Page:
Is Your Power Point Disrespectful?

Last month, I was at a weekend-long meeting which was filled with academics doing academic-y things, namely presenting PowerPoints with the ever-famous Death by PowerPoint recipe. Being trained in the forensics (speech) traditions we were taught never to disrespect a speaker; always pay attention, do not read the newspaper or do other things and to be an attentive listener. Although those were the directions from our speech coach in 1995, I know that those life-lessons translate to 2015 and it took everything in my power to stay off my shiny iPhone and my very active Instagram app during the meeting.

Fast-forward to the last lunch of the weekend and I was seated next to one of the main presenters who also happened to be one of the biggest users of Death by PowerPoint. #boring. He was a great human being, an exquisite conversationalist, a PhD-trained philosopher turned administrator at a small university, and an all-around nice guy--he was just not any good at making presentations. No sweat right?

As the conversation wore on the nice philosopher got around to asking me about my work and my role at my institution. I shyly told my new colleague that I am a speech communication professor and my area of research is PowerPoint and audience connection. To which he replied with a chuckle, "Well, this weekend I've probably violated all you teach your students." What?!?!!! You mean to tell me this guy knew better? Yep. Did you violate everything we teach the students? Yep.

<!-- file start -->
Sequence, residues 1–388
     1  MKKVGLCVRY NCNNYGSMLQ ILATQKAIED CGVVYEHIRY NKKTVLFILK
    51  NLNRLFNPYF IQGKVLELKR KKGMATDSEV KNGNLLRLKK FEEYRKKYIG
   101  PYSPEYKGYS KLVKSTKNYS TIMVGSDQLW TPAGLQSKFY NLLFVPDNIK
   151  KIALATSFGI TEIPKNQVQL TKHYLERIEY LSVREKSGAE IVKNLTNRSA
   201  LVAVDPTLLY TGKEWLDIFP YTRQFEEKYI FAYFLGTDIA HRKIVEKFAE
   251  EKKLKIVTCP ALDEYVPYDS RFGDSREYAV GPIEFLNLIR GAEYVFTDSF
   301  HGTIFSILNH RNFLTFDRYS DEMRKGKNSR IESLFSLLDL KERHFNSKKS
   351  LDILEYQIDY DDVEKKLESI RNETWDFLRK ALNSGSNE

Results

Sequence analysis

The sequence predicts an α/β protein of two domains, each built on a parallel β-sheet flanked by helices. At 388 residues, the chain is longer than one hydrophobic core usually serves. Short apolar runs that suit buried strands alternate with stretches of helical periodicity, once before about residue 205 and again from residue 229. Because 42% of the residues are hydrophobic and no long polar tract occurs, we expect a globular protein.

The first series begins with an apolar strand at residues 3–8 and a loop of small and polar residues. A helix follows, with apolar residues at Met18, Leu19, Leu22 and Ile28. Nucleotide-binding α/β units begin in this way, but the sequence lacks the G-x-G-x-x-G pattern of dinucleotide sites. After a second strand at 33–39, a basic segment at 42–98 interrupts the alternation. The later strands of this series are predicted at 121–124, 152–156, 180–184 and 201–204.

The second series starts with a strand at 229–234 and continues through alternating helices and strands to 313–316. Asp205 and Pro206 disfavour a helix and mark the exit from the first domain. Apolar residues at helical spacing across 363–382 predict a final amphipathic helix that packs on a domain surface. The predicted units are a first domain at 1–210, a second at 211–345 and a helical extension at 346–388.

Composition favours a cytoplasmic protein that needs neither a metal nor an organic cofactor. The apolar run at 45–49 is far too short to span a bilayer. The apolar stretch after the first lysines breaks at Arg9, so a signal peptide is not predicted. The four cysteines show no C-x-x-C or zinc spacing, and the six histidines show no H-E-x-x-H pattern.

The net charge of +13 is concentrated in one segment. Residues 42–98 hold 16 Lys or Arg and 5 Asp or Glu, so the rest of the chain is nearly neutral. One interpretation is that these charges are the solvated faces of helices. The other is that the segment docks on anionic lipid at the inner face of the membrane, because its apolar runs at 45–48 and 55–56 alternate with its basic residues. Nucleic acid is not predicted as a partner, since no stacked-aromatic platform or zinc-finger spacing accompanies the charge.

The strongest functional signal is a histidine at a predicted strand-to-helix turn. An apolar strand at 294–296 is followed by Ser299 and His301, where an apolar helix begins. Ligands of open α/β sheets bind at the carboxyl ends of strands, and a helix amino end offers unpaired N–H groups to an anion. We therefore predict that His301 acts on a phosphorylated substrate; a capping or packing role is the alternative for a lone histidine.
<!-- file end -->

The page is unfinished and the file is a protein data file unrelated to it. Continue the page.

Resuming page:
This wasn't really new news to me. When chatting with hundreds of people on planes, in classrooms, faculty meetings, and conferences, I will divulge my profession and my areas of research and those folks will often make mention of their own PowerPoint prowess--"the students think I'm boring," or "I need you to come consult with our company," or "I need help." This has always led me to the conclusion that people inherently know something is wrong with their visual enhancement tools--they simply may not know how to fix the problem or take time to do so. I have always been OK with this, gladly handing over my card and offering assistance in my personal quest to rid this world of bad PowerPoint presentations. I was always OK with this until... last month.

I made the decision after talking to my new friend at that meeting that actively knowing that one is making a poor presentation and then forcing me to sit through it is an act of disrespect. It disrespects my time, it disrespects my intelligence, and it disrespects the presenter's own intelligence. This speaker knew he was committing PowerPoint atrocities and he went ahead and did so anyway--and fully admitted to it during lunch.

Why do we allow this game to continue? Go to meeting, listen to bad speaker, not say anything--repeat. I do not believe it is out of respect that we do not say anything to the presenter, because looking around a room of bored audience members finds them on their cell phones and laptops fully disrespecting presenters anyway. So, why do we continue this dance? It floors me that we allow ourselves to sit through horrible presentations where we learn nothing and retain very little.